Do You Have A Defence to Failing To Provide A Specimen?
Simon Parnell was delighted this week when he received a phone call from his case worker at Forrest Williams, informing him that the motoring charge against him had been dropped.
When Simon first contacted us, he made clear from the beginning that although he had been charged with Failing to Provide a Specimen of Breath for Analysis, and this charge had resulted in him receiving a summons to court, he had actually tried his best to comply with the request of the police.
Simon told us that, on arrival at the police station, he had immediately made the desk sergeant aware that he was in some pain, following his involvement in a car crash just a few weeks ago.
The car crash, he told us, had been serious – it had resulted in his car ending up in a ditch and his being admitted to hospital, where he had to have a dozen stitches in his head. Since the car crash, Simon informed us, he had been suffering with back spasms which were so severe that he had been unable to work and had been signed off indefinitely, covered by his GP’s sick notes.
On the date in question, Simon told his case worker that he had also been recovering from a bad cold, which affected his sinuses and his ability to breathe in the usual way.
Simon told us he had tried as hard as he could to give the required samples of breath, but that he was unable to for the reasons given above.
Once charged with an offence, he was so upset that he quickly arranged to see his GP, who wrote a supporting letter confirming that he was genuinely struggling with painful back spasms, and that breathing out for an extended period of time, as required by the breath test procedure, would have been very difficult/impossible for him to do.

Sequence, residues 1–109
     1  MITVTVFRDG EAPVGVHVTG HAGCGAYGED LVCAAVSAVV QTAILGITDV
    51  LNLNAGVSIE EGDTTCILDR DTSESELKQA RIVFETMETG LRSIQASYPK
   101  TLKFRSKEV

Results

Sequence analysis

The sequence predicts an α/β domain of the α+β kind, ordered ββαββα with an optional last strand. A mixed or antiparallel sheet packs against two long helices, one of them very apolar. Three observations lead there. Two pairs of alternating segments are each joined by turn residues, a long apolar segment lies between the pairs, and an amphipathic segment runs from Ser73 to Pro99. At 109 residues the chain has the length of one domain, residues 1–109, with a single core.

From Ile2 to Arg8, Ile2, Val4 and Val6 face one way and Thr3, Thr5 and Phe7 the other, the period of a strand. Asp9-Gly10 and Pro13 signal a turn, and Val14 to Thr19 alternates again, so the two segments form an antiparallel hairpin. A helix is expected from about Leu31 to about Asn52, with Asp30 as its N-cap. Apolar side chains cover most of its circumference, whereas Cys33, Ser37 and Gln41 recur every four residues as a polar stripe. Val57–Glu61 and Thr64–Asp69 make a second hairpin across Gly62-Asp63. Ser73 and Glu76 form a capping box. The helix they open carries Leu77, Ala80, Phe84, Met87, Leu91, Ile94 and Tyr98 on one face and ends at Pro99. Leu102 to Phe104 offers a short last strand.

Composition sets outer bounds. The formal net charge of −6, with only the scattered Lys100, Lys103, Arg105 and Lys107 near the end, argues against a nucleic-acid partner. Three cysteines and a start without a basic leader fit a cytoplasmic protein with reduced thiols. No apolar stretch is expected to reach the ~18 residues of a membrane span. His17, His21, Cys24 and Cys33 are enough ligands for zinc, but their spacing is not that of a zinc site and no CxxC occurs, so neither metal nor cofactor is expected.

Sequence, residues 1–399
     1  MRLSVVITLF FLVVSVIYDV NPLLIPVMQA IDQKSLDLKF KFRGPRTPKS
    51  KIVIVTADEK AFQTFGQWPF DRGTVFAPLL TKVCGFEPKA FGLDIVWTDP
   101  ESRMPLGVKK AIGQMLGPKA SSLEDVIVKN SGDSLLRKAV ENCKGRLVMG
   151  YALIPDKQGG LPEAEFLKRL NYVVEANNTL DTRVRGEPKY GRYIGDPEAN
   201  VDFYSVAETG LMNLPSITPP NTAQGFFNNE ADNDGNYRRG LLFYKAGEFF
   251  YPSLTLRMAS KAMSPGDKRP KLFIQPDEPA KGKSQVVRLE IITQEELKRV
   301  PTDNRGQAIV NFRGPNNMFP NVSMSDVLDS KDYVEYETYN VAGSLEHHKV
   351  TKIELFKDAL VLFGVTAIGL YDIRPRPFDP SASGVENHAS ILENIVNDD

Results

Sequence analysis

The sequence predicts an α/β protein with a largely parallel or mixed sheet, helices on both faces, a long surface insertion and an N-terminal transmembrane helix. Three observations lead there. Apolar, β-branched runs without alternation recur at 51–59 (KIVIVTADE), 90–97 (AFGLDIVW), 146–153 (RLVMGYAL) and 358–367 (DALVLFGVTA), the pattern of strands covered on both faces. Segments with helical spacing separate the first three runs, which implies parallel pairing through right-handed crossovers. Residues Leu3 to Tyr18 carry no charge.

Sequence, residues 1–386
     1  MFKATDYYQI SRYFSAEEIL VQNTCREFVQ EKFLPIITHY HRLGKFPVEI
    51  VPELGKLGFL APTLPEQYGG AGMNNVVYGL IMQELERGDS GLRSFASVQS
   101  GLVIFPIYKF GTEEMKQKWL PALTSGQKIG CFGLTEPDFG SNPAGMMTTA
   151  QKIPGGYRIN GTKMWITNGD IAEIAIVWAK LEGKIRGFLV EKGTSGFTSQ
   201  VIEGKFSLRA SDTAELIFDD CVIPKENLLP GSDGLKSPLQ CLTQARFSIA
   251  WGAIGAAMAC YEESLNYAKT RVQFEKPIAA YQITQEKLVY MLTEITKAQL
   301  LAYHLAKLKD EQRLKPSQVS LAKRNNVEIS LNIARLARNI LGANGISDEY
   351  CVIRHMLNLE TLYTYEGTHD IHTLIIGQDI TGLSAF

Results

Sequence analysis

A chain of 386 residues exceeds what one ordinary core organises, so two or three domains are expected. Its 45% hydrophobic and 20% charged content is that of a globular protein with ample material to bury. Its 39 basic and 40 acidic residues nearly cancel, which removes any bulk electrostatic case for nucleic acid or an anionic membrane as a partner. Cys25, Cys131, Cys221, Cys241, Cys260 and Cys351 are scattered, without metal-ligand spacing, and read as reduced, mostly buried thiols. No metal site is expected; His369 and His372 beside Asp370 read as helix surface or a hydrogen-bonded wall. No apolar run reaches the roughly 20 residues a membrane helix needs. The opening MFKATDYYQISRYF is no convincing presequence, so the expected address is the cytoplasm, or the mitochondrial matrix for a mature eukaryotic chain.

We advised Simon that he had a defence to failing to provide a specimen.
Following an initial hearing, at which Simon’s not guilty plea was entered, a copy of his medical records was requested and reviewed. These documents showed that Simon’s account of the pain he was in, and the medical treatment he had sought accordingly, were accurate.
Simon’s case worker liaised assertively with the Crown Prosecution Service (CPS) at this point, with the request that the charge against Simon be discontinued on the basis that he had medical reasons for not providing the required samples of breath. It was respectfully pointed out to the CPS that at no point had the police elected to request either blood or urine samples, both of which could more easily have been provided by our client. The case worker involved also informed the CPS that Simon had made clear to the police officers concerned that he was in pain, and that the level of pain he was in made it impossible for him to give an extended breath, as the breath test procedure required. This important information, however, appeared to have been ignored.
As a result of the contact from Forrest Williams, a Prosecutor from the CPS reviewed the case and a decision to discontinue the charge against our client was taken.
Simon was understandably delighted when he received this news. It meant that he no longer faces a potential disqualification from driving, and can now focus his energies on a return to full health.
He thanked his case worker and all in the Forrest Williams office for their support and assistance through what had been a very stressful time of his life.
If you have been charged with failing to provide a specimen, contact our expert team now on 01623 600645.